Citation: Thomas XV, de Bruijne J, Sullivan JC, Kieffer TL, Ho CKY, et al. (2012) Evaluation of Persistence of Resistant Variants with Ultra-Deep Pyrosequencing in Chronic Hepatitis C Patients Treated with Telaprevir. PLoS ONE 7(7): e41191. doi:10.1371/journal.pone.0041191
Editor: Erica Villa, University of Modena & Reggio Emilia, Italy
Received: February 20, 2012; Accepted: June 18, 2012; Published: July 27, 2012
Copyright: © Thomas et al. This is an open-access article distributed under the terms of the Creative Commons Attribution License, which permits unrestricted use, distribution, and reproduction in any medium, provided the original author and source are credited.
Funding: The authors have no support or funding to report.
Competing interests: The authors have read the journal's policy and have the following conflicts: HR serves as advisor for Roche Molecular Diagnostics, Anadys, Merck, Arrows, and Gilead, consults for PRA-International, Tibotec, GlaxoSmithKline, Chiron Novartis, and Roche Therapeutics, and receives grant/research support from Merck & Co. TK and J. Sullivan are employees and stock owners of Vertex Pharmaceuticals Incorporated. This does not alter the authors' adherence to all the PLoS ONE policies on sharing data and materials. All other authors have nothing to disclose.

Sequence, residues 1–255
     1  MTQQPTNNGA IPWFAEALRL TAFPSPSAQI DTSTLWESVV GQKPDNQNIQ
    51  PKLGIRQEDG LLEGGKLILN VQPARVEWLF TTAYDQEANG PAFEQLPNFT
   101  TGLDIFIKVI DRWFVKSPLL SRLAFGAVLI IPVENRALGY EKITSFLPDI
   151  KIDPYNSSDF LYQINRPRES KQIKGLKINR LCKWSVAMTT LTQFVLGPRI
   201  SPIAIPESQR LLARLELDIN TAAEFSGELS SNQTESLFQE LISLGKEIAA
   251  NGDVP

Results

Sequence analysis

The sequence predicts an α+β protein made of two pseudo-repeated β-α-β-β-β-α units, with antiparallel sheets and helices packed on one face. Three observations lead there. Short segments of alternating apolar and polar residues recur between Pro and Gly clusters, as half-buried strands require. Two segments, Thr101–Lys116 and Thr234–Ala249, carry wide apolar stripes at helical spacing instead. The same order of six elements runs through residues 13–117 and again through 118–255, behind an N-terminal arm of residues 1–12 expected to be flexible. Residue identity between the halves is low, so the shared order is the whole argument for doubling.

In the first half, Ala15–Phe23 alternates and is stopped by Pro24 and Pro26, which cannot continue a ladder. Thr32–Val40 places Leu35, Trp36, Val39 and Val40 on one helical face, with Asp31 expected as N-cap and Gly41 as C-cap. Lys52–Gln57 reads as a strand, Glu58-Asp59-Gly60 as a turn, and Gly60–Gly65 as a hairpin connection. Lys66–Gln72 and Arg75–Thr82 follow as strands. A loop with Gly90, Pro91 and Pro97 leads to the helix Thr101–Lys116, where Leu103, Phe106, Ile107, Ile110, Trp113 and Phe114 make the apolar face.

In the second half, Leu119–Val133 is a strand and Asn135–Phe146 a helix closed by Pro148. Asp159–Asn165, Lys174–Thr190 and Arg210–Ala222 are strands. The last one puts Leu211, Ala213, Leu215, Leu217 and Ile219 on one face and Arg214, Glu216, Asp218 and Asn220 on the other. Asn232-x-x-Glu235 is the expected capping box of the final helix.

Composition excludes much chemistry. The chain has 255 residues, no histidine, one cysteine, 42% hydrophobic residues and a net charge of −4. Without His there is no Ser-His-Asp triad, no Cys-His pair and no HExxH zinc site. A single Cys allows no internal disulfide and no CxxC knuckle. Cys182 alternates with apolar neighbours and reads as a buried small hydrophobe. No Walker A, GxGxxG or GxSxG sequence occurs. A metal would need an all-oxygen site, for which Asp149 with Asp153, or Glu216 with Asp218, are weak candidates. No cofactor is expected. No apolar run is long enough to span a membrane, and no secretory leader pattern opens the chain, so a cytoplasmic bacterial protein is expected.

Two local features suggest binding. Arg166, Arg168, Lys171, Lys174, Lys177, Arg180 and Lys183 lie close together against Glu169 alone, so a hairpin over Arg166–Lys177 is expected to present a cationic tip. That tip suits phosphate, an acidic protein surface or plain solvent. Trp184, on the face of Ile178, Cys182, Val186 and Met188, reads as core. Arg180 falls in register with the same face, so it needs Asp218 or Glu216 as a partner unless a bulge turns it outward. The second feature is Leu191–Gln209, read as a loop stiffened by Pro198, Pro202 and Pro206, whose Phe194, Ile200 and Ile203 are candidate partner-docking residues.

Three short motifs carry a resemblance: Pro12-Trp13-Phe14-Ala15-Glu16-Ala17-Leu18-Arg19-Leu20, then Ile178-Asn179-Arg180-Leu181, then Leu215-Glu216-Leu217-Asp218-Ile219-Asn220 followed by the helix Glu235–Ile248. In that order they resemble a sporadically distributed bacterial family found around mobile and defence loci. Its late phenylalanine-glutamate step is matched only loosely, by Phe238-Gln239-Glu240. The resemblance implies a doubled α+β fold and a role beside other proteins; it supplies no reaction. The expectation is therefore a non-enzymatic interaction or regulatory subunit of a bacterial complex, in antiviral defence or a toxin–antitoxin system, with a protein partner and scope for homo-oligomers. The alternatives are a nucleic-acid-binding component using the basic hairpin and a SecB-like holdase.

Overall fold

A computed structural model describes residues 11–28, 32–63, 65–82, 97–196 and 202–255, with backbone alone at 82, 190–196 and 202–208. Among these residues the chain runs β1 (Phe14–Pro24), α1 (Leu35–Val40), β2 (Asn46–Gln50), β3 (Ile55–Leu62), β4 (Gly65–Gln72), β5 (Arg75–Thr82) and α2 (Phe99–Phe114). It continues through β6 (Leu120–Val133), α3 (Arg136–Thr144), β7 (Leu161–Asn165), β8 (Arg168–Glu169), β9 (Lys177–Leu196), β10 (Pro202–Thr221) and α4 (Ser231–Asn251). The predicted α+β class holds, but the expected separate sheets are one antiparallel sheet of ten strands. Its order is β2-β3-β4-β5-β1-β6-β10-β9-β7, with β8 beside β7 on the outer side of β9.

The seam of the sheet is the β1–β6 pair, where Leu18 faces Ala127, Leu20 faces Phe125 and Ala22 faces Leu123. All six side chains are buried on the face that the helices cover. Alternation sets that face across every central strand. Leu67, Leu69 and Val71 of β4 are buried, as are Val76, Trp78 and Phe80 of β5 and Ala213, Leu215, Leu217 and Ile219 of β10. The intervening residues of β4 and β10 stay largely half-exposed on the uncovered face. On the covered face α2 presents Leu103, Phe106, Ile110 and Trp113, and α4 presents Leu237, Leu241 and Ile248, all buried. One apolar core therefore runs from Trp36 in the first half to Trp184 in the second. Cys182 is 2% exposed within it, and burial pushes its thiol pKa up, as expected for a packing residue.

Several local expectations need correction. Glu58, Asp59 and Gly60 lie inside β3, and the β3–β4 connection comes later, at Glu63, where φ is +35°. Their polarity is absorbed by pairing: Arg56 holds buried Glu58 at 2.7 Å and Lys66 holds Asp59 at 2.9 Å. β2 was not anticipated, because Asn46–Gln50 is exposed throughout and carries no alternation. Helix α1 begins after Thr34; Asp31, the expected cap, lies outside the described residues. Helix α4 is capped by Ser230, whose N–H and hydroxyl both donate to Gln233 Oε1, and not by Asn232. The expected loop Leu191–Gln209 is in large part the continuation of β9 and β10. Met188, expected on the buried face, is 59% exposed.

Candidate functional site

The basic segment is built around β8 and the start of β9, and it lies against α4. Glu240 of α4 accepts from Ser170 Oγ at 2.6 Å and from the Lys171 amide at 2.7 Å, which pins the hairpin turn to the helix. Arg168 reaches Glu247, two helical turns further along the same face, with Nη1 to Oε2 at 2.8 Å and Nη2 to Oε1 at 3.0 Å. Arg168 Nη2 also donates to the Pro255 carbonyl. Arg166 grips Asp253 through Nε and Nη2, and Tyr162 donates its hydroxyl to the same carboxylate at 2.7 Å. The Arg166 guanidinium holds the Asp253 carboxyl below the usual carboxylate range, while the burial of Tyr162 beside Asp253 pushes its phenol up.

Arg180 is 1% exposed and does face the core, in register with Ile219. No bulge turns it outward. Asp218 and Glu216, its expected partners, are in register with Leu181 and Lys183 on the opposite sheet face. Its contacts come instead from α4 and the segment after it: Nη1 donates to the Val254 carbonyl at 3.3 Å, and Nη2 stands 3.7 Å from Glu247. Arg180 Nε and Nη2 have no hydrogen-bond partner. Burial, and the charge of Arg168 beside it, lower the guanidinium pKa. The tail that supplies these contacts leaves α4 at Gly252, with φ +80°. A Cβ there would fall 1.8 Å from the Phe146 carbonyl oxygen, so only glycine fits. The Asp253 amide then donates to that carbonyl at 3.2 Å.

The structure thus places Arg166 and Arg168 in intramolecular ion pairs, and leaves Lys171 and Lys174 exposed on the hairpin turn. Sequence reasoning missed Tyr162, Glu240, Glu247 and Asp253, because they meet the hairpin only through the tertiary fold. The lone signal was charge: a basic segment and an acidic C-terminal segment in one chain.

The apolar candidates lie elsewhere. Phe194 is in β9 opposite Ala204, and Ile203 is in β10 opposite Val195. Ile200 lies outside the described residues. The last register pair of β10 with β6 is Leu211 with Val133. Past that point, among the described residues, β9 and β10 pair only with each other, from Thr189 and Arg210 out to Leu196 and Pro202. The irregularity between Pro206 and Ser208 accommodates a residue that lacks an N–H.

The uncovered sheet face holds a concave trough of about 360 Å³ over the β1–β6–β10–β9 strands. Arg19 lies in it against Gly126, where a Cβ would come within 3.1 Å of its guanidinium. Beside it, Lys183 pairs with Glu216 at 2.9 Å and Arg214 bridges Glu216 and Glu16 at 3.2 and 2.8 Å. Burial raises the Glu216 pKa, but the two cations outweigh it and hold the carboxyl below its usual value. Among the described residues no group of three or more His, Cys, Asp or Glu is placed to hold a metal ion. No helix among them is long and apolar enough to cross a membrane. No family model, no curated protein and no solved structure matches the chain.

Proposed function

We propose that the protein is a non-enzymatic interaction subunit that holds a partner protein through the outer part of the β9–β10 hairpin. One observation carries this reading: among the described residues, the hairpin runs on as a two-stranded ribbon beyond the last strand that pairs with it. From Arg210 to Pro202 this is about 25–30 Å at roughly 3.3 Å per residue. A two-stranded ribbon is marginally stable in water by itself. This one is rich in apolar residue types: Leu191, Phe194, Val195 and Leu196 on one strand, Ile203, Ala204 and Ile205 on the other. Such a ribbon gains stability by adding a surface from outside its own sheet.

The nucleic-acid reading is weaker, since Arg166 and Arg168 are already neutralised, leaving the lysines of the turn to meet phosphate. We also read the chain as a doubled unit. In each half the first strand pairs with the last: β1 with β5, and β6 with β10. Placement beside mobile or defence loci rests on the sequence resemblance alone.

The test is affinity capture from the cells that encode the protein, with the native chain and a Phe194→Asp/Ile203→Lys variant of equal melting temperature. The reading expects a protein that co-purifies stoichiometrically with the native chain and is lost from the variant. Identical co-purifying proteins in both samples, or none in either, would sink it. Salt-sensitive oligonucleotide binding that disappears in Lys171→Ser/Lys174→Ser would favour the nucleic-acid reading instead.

Worldwide, an estimated 170 million people are chronically infected with hepatitis C virus (HCV) . Chronic hepatitis C is a major cause of liver cirrhosis and hepatocellular carcinoma. HCV-related end-stage liver disease is now the main indication for liver transplantation in North America and Western Europe . The current standard of care, pegylated interferon-α-2a/b (PEG-IFN) combined with ribavirin (RBV), has limited efficacy and causes significant side effects. In patients infected with HCV genotype 1, the most prevalent genotype in developed countries, treatment for 48 weeks results in rates of sustained virologic response (SVR) of only 40-50%.